Powered by MOMENTUM MEDIA
subscribe to our newsletter sign up

Cash bias remains strong for SMSFs

SMSFs continue to invest heavily in cash despite low returns and rising inflation, and investors are being told they are sacrificing yield opportunities.

Highlighting recent data from the ATO, Market Vectors said SMSF cash investments had risen to a record $156.2 billion during the March 2014 quarter, a 1.6 per cent increase from December last year.

The cash holdings represented 28 per cent of all SMSF assets, which hit $558.6 billion in the March quarter, up 2 per cent from $547.6 billion in December 2013.

Market Vectors Australia managing director Arian Neiron said these figures may negatively impact SMSFs ability to grow or even protect their wealth.

"Given that inflation could head higher and cash rates could remain steady SMSFs are risking value erosion by being so heavily invested in cash," Mr Neiron said.

"Annual inflation was 2.9 per cent so the real returns on cash investments are close to zero, add in tax and you are in negative territory.”

“The Reserve Bank has this week indicated that it is not likely to raise interest rates anytime soon and banks have lowered rates on term deposits, SMSF investors should consider their options to protect against rising inflation," he added.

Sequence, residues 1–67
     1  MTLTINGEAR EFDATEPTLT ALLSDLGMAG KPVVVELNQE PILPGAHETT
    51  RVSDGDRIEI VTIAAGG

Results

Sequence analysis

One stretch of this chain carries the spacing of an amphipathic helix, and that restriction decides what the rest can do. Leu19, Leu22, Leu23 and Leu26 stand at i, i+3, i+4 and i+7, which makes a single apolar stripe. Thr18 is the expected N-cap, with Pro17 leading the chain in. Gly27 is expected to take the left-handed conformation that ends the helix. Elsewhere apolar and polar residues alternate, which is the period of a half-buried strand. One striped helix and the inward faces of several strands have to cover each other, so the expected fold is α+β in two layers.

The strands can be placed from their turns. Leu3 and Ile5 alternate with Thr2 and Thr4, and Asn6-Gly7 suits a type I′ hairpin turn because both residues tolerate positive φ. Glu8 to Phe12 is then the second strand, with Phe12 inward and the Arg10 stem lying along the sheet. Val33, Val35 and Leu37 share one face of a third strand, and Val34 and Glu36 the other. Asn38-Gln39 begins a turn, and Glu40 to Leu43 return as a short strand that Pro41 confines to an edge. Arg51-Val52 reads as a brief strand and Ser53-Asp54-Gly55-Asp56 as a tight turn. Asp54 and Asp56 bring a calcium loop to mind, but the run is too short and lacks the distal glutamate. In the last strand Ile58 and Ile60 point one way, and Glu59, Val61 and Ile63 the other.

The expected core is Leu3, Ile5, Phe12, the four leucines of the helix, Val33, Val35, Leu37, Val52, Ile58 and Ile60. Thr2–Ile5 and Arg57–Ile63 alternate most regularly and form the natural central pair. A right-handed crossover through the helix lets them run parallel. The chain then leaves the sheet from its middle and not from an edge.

Mr Neiron said however that there is one positive aspect of the ATO data, with it revealing cash investments had slowed to 1.6 per cent from 2.1 per cent a year earlier.

“[This highlights] that SMSFs' appetite for cash investments could be waning," he said.

Cash bias remains strong for SMSFs
nestegg logo
subscribe to our newsletter sign up
FROM THE WEB
Recommended by Spike Native Network
RobR - I am a broker and a former bank manager. As a banker we were told /trained /instructed to cross secure everything possible to "entangle" the client to.......
MT - Banks love to cross-collateralise and tie up clients. Brokers spend their time unwinding cross-collateralisation. A broker will always recommend.......
Anonymous - "as the $8,500 a year subsidy will not offset the minimal rental yield gained off rents set at 20 per cent below the market"

This amount is.......
Brett - smallest spike ever....